Step 4: Read and complete the decision guide to learn more about your symptoms.
Some conditions that repeatedly interrupt sleep cause severe sleep deprivation. In this case, you may have difficulty staying awake during the daytime and have a higher risk for dangerous accidents. Some sleep disorders can also put you in jeopardy of accidents during the night, if they involve "sleepwalking." It is important to identify sleep problems that increase your risk for accidental injury.
The following symptoms suggest a sleep disorder that could put you at risk for an accident
daytime sleepiness that is severe enough to cause you to "nod off" during activities.
episodes when you feel you are paralyzed (unable to move) when you are in bed and nearly asleep.
abrupt collapse during the day due to unexplained temporary paralysis of your muscles
hallucinations (visions that are not real)
sleepwalking (If you "sleepwalk" you leave your bed while you are still asleep, and you may find yourself in any other location or find you have completed a complicated task when you wake up in the night or morning.)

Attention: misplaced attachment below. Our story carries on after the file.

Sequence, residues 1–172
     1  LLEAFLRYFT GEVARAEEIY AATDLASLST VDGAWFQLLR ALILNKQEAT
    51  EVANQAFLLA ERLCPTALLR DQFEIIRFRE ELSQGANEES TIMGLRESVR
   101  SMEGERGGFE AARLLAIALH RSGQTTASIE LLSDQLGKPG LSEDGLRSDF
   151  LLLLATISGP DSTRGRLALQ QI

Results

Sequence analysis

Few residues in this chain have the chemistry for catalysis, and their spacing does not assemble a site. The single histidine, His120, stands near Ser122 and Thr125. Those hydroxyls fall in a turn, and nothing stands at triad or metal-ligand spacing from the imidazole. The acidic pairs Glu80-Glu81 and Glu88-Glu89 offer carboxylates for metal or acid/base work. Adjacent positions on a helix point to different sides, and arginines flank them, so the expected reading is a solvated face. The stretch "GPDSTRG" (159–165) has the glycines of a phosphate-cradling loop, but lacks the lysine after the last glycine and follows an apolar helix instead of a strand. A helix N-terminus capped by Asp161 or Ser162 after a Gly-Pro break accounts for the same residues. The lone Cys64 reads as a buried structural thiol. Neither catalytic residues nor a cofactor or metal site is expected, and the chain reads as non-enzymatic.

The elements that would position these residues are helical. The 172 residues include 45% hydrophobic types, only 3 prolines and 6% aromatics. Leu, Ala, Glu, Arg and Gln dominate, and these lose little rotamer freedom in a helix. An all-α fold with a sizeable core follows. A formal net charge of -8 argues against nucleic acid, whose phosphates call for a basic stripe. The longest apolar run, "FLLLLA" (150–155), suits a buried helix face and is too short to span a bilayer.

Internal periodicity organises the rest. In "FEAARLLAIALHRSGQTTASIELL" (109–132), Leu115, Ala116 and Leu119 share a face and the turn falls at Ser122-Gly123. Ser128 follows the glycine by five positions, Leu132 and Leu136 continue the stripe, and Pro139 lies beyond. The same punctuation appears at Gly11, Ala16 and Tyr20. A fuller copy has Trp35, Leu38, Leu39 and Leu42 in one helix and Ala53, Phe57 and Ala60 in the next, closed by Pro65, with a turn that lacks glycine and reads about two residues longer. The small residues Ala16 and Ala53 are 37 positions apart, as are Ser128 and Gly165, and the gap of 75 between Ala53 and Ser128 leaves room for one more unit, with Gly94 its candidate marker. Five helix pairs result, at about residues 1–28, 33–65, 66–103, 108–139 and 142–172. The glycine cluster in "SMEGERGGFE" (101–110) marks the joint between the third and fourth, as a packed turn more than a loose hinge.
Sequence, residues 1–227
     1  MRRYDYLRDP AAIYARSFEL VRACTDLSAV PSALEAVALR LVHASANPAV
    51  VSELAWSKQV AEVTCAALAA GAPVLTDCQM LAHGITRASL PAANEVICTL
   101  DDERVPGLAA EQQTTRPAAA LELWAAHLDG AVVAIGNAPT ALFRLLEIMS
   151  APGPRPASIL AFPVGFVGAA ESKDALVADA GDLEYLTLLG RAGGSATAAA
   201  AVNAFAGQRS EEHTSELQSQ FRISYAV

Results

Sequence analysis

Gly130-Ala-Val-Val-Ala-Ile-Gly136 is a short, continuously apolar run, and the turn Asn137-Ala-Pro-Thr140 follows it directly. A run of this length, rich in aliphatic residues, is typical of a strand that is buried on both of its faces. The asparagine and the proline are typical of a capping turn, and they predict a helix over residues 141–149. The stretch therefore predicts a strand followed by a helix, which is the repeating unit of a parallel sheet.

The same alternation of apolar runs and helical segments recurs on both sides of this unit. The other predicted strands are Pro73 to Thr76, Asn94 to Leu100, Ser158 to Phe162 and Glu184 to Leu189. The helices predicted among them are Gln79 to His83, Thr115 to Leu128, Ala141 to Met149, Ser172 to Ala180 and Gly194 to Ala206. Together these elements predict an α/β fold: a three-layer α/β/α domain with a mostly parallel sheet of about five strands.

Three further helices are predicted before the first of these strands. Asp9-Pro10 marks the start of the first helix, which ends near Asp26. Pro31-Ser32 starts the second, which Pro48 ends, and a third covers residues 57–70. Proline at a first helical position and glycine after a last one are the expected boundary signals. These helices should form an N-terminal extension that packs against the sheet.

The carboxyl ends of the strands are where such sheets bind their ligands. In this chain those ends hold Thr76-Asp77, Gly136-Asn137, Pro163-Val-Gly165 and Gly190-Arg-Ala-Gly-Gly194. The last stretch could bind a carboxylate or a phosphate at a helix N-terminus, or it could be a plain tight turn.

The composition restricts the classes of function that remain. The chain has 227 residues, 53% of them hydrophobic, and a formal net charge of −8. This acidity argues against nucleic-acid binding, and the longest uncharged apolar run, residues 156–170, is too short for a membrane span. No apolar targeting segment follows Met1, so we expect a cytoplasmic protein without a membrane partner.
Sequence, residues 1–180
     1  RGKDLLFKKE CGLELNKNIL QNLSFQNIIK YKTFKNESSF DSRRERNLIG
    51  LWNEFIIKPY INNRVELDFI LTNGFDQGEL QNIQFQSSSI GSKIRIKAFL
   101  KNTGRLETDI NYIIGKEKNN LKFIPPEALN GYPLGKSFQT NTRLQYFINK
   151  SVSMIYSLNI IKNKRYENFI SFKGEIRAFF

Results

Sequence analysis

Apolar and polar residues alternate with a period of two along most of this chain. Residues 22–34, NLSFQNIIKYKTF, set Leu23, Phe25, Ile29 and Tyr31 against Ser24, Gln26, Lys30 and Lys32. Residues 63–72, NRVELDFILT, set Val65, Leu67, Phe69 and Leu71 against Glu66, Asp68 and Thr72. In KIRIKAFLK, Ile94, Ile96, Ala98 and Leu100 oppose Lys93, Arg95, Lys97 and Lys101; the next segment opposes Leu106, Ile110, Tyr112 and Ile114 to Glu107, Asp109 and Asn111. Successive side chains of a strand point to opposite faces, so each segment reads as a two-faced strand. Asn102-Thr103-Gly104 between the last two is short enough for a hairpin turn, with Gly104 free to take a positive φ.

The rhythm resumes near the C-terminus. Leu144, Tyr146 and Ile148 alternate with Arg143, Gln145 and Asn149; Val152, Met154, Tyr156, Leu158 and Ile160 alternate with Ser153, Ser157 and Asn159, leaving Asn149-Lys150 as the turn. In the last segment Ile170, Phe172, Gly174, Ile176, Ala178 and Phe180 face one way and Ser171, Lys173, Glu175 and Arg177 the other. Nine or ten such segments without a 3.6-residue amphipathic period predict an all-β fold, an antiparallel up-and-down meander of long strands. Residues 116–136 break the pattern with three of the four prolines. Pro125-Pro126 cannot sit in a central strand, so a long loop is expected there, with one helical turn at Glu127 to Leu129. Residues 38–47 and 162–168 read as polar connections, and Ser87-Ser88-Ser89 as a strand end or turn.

Do you have any of the symptoms above that would suggest your sleep problem could put you at a high risk for accidents?
- General Health
- Blacking Out, Fainting, or Loss of Consciousness
- Blood Magnesium Test
- Daytime Drowsiness
- Diffuse Muscle Weakness
- Diffuse Pain
- Fever in Adults
- Forgetfulness Memory Loss
- Helping Dry Skin
- Hot Flashes
- Itching Without Rash
- Jaundice in Adults
- Numbness or Tingling
- Positive ANA
- Positive Rheumatoid Factor
- Unexplained Weight Gain
- Unintentional Weight Loss
- Start over